I enjoy the realm, as do thousands of others. We don't all buy credits, but we all seem to keep coming back.

Explain that.
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Old 07-29-2004, 09:19 PM   #38
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Exclamation

I think the point is not that doing "great" things is impossible, but more that it's more difficult if you don't pay.  And also, you say talent wins in the end... but if two equally talented people meet up, and one has paid $100 and one has not, I think we all know who is going to win in a combat situation.

Of course the game is not all combat, we are aware.  But it is still a factor of the game.  That is why PK is allowed in Achaea.  You can make a fabulous character and not donate a cent.  Of course, you could do that anywhere, and be on equal footing instead of being at a disadvantage.

As to why people keep coming back, no one is saying that Achaea sucks... or well, at least *I* am not.  Obviously they like the game.  Doesn't mean it's entirely balanced or fair though.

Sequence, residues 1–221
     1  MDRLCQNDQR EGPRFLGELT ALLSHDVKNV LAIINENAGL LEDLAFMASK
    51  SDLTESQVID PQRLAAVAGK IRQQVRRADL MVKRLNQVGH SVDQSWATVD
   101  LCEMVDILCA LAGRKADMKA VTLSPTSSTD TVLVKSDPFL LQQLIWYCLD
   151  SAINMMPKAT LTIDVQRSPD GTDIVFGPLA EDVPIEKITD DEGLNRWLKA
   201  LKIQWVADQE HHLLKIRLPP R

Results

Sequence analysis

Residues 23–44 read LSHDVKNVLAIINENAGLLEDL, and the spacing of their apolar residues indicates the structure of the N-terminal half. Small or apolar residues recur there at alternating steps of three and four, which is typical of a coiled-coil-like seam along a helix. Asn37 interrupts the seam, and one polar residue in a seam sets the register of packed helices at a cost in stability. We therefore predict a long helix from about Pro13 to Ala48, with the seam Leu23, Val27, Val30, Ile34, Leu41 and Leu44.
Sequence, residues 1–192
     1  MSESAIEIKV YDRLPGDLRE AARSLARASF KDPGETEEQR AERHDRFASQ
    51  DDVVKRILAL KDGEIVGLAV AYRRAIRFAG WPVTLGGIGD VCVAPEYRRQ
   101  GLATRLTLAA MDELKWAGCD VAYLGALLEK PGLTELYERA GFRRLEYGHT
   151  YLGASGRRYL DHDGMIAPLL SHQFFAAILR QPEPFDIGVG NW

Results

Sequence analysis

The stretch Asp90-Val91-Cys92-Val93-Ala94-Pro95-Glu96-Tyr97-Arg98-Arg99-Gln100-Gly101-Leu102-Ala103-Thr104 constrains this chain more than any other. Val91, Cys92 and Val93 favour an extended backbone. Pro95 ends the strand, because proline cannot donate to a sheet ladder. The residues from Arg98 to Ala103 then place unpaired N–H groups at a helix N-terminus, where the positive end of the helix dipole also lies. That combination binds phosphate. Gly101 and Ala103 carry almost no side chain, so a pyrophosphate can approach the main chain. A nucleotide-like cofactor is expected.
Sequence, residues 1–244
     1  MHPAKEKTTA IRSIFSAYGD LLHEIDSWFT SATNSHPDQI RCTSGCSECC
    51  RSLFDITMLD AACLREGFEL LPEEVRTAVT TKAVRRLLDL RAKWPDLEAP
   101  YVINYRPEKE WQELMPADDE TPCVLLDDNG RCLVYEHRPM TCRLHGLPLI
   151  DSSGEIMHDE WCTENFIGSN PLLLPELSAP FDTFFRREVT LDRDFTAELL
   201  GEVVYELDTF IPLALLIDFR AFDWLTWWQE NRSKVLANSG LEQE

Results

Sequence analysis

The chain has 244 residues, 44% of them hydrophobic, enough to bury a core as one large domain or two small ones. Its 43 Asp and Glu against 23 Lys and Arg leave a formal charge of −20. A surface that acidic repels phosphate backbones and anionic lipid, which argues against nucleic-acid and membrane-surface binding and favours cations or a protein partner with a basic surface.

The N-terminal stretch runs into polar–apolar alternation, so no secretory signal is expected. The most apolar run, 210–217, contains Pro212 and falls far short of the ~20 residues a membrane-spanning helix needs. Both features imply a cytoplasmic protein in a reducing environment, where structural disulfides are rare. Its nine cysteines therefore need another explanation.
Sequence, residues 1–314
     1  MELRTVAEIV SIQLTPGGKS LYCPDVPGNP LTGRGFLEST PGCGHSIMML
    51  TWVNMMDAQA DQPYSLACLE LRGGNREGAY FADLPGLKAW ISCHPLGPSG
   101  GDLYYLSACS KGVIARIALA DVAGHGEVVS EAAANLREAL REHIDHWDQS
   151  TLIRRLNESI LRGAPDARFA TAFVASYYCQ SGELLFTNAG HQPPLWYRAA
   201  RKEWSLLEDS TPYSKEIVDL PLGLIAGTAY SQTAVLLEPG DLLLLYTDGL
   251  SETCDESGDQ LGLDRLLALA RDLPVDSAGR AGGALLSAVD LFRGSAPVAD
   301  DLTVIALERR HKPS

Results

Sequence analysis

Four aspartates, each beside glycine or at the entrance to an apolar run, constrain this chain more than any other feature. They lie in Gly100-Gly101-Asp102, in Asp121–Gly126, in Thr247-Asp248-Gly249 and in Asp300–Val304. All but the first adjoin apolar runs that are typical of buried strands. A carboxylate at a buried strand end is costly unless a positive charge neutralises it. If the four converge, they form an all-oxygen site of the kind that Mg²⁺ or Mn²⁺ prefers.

- Theomanic
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Old 07-29-2004, 09:51 PM   #39
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Yes, that point is valid. What isn't valid was the conjecture that not purchasing credits causes the individual to assume a second-class citizenship. Not true. They just have a disadvantage in certain activities. These activites are by no means the sum total of experiences available. I have already said that I yield entirely to the point that combat is not equal when certain perks are factored in. Skills are balanced at the highest level to begin with, so it's useless arguing balance at any point other than that. Two individuals, both of whom have all of their skills at the maximum level, and both of whom have exactly equal talent in combat ability, will be equally matched where further perks are not factored in. When they are, they tip the scale. But you have to take into consideration the fact that Time is as important a commodity as Money. Some players have lots of Time, others have lots of Money. Still others have little of either, and some lots of both. But the most relevant part of this concept is that the two are interchangeable in terms of their efficacy within the realm. Someone who puts in a lot of Time to their character can accomplish the same things as someone who puts in a lot of Money, be it in the political, social, or combat arena. It simply becomes a matter of what one has to offer to the realm, their money, or their time.